You know that claims administrators retain experts to review a claimant’s medical and mental health condition to assess whether a claimant is sufficiently impaired to be eligible for disability benefits.
But what happens when the claimant argues that a medical opinion should be rejected due to the sheer volume of opinions the expert has provided in other matters? And what discovery is allowed to examine that issue?
Here’s the recent case of Adkins v. Life Insurance Company of North America, __ F. Supp. 3d __ (E.D. WA., March 1, 2021)(attaching discovery Order denying discovery, and Order granting judgment in favor of Life Insurance Company of North America).
FACTS: Adkins, an office manager in a medical office, sought ERISA-governed disability benefits for cervical spine pain, and alleged cognitive deficiencies resulting from multiple automobile accidents. LINA granted benefits through her recovery from spinal surgery. But after LINA had two neurosurgeons and two mental health experts review the claim, LINA concluded Adkins could perform her sedentary job. Adkins appealed, and LINA had psychologist Dr. Elana Mendelssohn review the mental health records. She concluded Adkins was not cognitively disabled.
Adkins sued seeking benefits and a surcharge and injunctive relief under (a)(3). Adkins fiercely attacked the credibility of psychologist Dr. Mendelssohn, entering a series of unrelated cases into the record to assert Dr. Mendelssohn had a bias against claimants.
DISTRICT COURT HELD: DISCOVERY OF MEDICAL EXPERT DENIED; JUDGMENT IN FAVOR OF LINA ON BENEFIT CLAIM; FIDUCIARY CLAIM DISMISSED
ISSUE I: Discovery about Dr. Mendelssohn’s opinion history denied as being too expensive. Adkins sought information from LINA that would require LINA to review “every claim file during the relevant time at issue.” The Court found such discovery was “too expensive and burdensome” given that such information could be more easily obtained from Dr. Mendelssohn’s employer. Opinion on Reconsideration, at 3.
ISSUE 2: The Court rejected Plaintiff’s challenges to Dr. Mendelssohn’s credibility merely because she had reviewed many disability claims. “Plaintiff’s allegations of Dr. Mendelssohn’s bias are unpersuasive. Plaintiff points to the sheer volume of reviews Dr. Mendelssohn conducts for insurance companies to support her argument. However, the fact that Dr. Mendelssohn conducts a significant number of insurance claim reviews is insufficient on its own to demonstrate bias. … Plaintiff has not proffered any evidence to demonstrate Dr. Mendelssohn is biased against Plaintiff in particular or that Dr. Mendelssohn’s findings in favor of insurance companies are directly tied to a financial incentive (e.g., her pay is increased for favorable determinations or her pay is contingent solely upon favorable determinations).” Op. Granting LINA’s Motion for Judgment, at 24.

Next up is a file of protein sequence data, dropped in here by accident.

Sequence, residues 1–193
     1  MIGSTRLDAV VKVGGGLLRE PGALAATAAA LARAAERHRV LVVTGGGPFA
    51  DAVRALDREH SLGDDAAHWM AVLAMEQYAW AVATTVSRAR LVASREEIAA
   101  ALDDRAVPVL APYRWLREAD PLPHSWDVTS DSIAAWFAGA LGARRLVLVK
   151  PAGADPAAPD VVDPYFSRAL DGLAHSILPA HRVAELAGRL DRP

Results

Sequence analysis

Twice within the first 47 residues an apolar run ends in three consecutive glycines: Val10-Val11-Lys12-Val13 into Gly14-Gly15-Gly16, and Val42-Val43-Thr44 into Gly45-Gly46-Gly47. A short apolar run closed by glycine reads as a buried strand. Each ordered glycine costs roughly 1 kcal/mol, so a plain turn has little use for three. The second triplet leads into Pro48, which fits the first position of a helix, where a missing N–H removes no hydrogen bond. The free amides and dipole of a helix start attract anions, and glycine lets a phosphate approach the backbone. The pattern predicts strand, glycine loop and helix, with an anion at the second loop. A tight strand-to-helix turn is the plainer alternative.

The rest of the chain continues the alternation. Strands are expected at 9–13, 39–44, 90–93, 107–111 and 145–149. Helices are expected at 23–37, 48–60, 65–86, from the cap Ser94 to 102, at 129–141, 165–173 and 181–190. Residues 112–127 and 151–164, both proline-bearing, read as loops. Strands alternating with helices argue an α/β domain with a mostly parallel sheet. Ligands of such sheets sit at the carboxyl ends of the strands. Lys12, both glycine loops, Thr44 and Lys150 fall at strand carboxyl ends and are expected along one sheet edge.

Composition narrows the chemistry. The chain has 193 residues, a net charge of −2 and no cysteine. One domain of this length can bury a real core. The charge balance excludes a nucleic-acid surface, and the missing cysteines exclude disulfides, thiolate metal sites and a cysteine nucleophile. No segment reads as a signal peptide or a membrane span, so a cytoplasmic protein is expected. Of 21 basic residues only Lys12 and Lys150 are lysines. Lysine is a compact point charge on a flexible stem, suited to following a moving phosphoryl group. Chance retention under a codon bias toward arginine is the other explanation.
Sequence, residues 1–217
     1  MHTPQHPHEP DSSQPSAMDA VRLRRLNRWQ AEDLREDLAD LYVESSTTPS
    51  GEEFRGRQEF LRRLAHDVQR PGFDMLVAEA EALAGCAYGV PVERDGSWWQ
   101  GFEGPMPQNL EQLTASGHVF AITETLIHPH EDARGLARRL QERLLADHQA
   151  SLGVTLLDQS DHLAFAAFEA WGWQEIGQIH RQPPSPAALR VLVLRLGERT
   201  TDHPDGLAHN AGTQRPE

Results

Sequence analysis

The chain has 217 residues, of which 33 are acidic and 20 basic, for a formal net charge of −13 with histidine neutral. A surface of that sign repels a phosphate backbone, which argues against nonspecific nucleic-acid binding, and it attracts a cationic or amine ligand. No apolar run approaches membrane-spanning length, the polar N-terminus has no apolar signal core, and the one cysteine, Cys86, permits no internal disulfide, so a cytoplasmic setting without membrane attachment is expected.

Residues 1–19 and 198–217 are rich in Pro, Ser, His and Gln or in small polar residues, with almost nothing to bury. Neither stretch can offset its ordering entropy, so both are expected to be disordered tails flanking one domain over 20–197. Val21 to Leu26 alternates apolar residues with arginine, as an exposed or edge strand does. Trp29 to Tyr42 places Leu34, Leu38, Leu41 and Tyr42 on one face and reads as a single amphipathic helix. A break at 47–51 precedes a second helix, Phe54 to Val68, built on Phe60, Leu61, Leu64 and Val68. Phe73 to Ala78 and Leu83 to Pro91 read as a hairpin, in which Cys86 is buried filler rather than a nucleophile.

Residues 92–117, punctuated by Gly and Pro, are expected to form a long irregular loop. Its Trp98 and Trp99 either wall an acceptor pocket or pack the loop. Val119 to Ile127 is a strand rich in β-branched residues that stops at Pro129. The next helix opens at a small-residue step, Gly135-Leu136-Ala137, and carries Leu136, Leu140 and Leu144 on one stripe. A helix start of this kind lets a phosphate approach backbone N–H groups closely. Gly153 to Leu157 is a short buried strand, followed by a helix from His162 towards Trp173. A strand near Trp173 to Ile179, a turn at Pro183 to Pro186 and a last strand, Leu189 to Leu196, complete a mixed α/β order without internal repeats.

The Court distinguished other published cases involving other claimants, where courts were critical of Dr. Mendelssohn’s opinions regarding other claims. Op. at 24-26.
ISSUE 3. The Court gave a good list why experts’ reports submitted by claimant lacked credibility:
- Claimant’s 2018 psychologist report and opinion was contrary to the medical record. Op. at 20;
- Claimant’s treating physician’s opinions on impairment were not consistent with treatment notes, which showed claimant in better condition. Op. 20-1; and
- Claimant’s second psychologist mistakenly relied upon flawed assumptions found in the first expert’s report. Op. at 22.
ISSUE 4. ERISA “breach of fiduciary duty” claims fail if the underlying disability claim is affirmed. “As Plaintiff acknowledged during the telephonic hearing, her claim for breach of fiduciary duty is likely contingent upon the success of her claim for award of benefits under 29 U.S.C. § 1132(a)(1)(B). Having determined Plaintiff is not entitled to an award of benefits under § 1132(a)(1)(B), the Court finds additional discovery pertaining to her claim for breach of fiduciary duty is unnecessary as her claim under § 1132(a)(3) will likely fail. See, Wise v. MAXIMUS Fed. Servs., Inc., 478 F. Supp. 3d 873, 897 (N.D. Cal. 2020); Talbot v. Reliance Standard Life Ins. Co., No. CV-14-00231-PHX-DJH, 2018 WL 10419233, at *20 (D. Ariz. Feb. 7, 2018), aff’d, 790 F. App’x 129 (9th Cir. 2020); Mullin v. Scottsdale Healthcare Corp. Long Term Disability Plan, No. CV-15-01547-PHX-DLR, 2016 WL 107838, at *3 (D. Ariz. Jan. 11, 2016).” Order on Reconsideration, at 4.